The SPP is structured into the following core themes:
1. Mantle dynamics and magmatic processes
The overall objective of this theme is to understand the dynamic behaviour of the mantle and its consequences for magmatic processes (melt generation, migration and emplacement), plate stresses and lithospheric strength, which are key factors involved in the breakup of Gondwana and development of the South Atlantic margins. A central issue is to test and improve existing models for the role of mantle processes, including the plume theory, in lithospheric extension and in producing the extreme magmatism associated with the Tristan hotspot track and the Paraná-Etendeka flood basalt province.
2. Lithospheric structure, deformation and breakup processes
The goals of this theme are to achieve a quantitative lithologic, stratigraphic and structural description of the present-day state of the South Atlantic margins in 3D, to reconstruct the history of deformation of the margins back to the time of continental rifting and breakup beginning 200 my ago, and to identify the processes and controlling factors involved in that evolution. An emphasis will be placed on comparative studies of contrasting margin segments along-strike issues of symmetry/asymmetry of conjugate margin segments.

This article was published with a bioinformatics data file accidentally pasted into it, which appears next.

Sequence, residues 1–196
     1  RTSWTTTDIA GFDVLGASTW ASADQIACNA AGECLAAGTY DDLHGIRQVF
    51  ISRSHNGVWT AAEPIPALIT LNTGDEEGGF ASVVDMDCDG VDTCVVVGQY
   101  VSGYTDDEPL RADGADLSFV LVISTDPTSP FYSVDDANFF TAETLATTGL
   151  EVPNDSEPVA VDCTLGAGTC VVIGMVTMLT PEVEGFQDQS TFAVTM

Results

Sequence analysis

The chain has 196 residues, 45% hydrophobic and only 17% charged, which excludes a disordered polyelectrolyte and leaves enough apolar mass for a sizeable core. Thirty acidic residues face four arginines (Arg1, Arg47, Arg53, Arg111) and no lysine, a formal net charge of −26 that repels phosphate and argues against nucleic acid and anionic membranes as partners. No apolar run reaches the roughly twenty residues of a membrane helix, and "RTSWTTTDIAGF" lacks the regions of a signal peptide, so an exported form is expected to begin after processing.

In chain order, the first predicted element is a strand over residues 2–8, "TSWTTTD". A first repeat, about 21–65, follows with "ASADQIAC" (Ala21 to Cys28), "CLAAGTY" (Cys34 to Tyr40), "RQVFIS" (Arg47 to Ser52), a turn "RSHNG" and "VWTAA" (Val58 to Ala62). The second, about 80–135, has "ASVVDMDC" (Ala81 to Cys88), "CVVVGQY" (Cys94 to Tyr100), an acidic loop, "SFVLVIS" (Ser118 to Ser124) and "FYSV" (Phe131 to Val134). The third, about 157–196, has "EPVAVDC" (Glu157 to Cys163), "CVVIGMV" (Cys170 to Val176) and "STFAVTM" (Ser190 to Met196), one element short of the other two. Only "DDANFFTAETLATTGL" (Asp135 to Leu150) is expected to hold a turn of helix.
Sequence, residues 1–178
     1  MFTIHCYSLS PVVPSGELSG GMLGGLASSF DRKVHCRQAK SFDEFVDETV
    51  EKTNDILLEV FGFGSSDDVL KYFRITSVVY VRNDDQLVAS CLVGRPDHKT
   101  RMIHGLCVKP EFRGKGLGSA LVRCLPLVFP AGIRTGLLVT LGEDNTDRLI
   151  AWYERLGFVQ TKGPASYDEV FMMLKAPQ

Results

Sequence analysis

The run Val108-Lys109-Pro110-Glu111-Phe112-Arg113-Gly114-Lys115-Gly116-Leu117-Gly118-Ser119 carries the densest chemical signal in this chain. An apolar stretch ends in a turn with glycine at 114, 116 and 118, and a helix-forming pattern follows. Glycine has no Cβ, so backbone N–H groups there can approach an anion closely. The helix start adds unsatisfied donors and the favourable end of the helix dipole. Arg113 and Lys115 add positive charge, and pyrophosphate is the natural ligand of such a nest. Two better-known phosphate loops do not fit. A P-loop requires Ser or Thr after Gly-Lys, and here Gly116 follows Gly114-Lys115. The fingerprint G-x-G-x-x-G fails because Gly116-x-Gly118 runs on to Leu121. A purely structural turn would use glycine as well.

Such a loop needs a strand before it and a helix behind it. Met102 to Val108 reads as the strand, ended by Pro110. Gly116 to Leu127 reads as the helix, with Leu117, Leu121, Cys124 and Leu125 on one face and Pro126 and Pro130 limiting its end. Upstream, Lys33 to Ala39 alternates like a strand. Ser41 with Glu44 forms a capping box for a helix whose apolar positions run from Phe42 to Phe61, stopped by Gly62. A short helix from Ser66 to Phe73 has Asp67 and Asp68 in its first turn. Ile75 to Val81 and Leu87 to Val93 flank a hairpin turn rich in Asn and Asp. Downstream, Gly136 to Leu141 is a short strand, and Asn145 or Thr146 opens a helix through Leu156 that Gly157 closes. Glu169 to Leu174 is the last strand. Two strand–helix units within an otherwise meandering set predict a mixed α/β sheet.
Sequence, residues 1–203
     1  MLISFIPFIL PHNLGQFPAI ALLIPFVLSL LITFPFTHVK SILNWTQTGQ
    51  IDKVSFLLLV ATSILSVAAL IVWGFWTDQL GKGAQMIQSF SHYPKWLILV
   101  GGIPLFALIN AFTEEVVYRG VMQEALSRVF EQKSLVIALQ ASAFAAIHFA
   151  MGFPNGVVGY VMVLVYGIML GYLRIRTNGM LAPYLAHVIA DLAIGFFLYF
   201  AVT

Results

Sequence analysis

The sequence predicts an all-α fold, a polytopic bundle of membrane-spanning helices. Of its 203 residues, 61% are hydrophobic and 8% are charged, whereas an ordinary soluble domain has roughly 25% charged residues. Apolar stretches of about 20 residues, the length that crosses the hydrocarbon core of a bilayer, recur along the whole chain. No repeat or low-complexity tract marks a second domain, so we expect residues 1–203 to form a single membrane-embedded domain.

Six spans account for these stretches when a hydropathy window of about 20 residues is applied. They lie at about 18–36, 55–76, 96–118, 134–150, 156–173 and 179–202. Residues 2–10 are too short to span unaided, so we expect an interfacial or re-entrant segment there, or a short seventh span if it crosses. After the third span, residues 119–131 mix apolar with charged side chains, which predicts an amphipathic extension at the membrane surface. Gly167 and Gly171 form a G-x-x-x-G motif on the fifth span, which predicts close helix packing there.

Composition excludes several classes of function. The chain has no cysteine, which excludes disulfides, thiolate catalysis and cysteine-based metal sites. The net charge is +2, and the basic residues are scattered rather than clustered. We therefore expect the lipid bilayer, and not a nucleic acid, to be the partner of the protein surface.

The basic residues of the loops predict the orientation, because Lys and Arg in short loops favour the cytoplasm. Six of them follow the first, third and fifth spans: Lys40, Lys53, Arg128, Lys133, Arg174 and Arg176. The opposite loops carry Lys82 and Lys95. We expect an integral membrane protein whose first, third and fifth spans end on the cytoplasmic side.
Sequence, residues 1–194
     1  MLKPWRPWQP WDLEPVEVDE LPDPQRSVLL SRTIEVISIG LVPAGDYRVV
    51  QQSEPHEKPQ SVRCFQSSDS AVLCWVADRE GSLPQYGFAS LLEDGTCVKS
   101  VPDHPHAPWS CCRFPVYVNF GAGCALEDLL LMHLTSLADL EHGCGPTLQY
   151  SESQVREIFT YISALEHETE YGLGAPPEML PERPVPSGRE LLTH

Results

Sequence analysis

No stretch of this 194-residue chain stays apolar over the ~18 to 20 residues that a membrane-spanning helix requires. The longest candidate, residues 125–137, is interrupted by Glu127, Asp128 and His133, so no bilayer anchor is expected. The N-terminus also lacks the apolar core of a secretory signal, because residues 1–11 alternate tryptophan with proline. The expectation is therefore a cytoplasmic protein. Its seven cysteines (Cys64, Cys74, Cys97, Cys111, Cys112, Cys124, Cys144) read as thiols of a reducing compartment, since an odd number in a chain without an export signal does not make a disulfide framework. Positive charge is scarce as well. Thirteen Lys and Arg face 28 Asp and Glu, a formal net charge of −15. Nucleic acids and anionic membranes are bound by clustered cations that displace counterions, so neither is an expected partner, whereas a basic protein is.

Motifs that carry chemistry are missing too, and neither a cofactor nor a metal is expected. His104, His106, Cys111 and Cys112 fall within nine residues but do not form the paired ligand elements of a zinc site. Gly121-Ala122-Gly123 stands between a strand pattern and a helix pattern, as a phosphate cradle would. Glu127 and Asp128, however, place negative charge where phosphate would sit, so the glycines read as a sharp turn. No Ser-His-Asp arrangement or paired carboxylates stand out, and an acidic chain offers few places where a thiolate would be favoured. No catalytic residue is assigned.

3. Post-rift topographic evolution and links to climate and tectonics
This core theme is concerned with quantifying denudation rates and their variations in time and space along the margins and at selected conjugate segments. The ultimate aim will be to integrate these quantitative data with long-term numerical models of erosion and landscape evolution in order to reveal the interaction of tectonic movements - uplift or subsidence - with climatic influence. The research will also generate sediment erosion budgets that will provide key input to offshore sedimentation and subsidence models.
4. Sedimentary processes and fluid systems
The research in this core theme concerns the interplay of processes that affect the deposition and modification of sediments in marginal basins and the evolution of fluid systems related to them. One objective is to examine links between sediment supply and deposition with climatic or tectonic factors, both present-day and in the past (e.g., gateways and barriers to ocean currents, onshore uplift and erosion). The other main goal is to understand the physico-chemical processes affecting generation and migration of fluids in and out of the sedimentary section, including an assessment of the scale hydrocarbon seepage and its consequences.